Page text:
September Double Whammy - Noobs on Ubs and the IndieWeb *ONE WEEK EARLIER*

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*NOTE* we're a week early in September, and will be on the first Thursday, the 5th September!

PHPMiNDS is back in September for a double whammy - community members Anna and Jamie are going to be giving us a preview of their talks for OggCamp 2019 (


Noobs on Ubs

I started out as a total noob using Ubuntu, copying and pasting from stack overflow in wild abandon to install whatever I needed without a care in the world. A few chmod 777s later - I actually learnt what that does (spoilers - it’s not always the answer) and decided I should maybe learn how my OS works.

In this talk, I’ll be explaining how Linux works and sharing my story as a beginner.

This talk is for you if you’re a beginner/hobbyist/Linux-lite user and looking to feel less alone in the world.

Anna @anna_hax

Software Engineer, likes making and breaking stuff, hanging out in the tech community, organiser of @WiT_Notts, Free and Open Source advocate. She/her


The IndieWeb Movement: Owning Your Data and Being the Change You Want to See in the Web

In today’s age of the Web, we’ve resigned ourselves to using social Silos, such as Twitter, Facebook or Medium. Content we create on their platforms is owned by them, free for them to profit off it, and we can’t move off the platforms because then all our followers would need to use a new platform.

The IndieWeb is all about taking the control of where we post, and how. As citizens of the Web we deserve to own the content and data we so lovingly produce, so why don’t we do it? Why don’t we use our websites as our social hub, publishing on our own site, and then syndicating everywhere else?

If there’s something that you want a Silo to do, why not build it yourself? If we build our own platforms, we can decide how they work and interoperate. By selfdogfooding we can use our own projects to help drive the functionality we want, being the change we want to see in the world.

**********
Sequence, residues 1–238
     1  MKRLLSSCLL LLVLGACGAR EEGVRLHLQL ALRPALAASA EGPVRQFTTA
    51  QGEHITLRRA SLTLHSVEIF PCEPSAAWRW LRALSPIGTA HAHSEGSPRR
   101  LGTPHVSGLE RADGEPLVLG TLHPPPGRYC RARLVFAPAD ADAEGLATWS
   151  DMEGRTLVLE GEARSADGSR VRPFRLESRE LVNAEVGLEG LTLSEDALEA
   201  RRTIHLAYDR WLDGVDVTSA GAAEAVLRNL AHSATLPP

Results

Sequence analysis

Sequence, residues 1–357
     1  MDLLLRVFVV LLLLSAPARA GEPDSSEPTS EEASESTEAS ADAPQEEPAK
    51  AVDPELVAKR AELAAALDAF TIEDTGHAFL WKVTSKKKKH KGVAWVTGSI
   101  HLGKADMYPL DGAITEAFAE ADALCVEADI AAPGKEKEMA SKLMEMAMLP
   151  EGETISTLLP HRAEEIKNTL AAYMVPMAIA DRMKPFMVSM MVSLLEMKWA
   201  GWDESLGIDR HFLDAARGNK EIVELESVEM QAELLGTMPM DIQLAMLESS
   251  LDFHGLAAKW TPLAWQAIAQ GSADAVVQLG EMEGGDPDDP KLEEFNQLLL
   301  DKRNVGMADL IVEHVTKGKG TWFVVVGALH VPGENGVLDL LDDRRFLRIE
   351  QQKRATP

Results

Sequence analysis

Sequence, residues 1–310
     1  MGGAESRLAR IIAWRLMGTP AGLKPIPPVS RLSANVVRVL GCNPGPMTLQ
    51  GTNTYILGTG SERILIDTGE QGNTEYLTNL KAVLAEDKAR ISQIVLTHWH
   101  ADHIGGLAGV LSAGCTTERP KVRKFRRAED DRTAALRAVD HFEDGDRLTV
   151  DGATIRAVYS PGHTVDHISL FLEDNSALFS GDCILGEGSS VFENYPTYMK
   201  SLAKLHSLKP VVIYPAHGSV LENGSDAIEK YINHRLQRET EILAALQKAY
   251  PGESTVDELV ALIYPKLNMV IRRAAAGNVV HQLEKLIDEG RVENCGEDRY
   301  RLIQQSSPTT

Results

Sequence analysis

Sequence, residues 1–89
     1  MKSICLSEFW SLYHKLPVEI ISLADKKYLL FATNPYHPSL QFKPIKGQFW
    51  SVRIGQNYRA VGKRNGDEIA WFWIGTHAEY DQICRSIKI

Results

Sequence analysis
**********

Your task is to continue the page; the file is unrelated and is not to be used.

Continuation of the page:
We’ll talk about the underlying open standards and Open Source components that are driving the ease of adoption across it, such as Microformats2, Webmention, Micropub and Microsub, and IndieAuth, to name but a few!

This is truly about creating the Social Web, providing an RSS-feed like experience to follow all your friends, colleagues, and people of interest, but being able to interact in-feed, as you would on i.e. Twitter. You can add inline comments, like, or reshare the content for those following your own site.

And of course, it’s all about enabling everyone to get involved - feedback from not-as-technical folks, through to multiple implementations of the same tools are actively encouraged.

But don’t even get me started on the Fediverse (i.e. Mastodon) - which would be a whole talk in itself.

Jamie Tanna @jamietanna

Jamie is a Software Quality Engineer 2 at Capital One UK, working on Identity Services. He has a passion for backend engineering, especially around APIs and automation. He is a GNU/Linux user, a big advocate for the Free Software Movement, and a personal website fanatic, even more so since joining the IndieWeb community, where he looks to self host as many services as he can.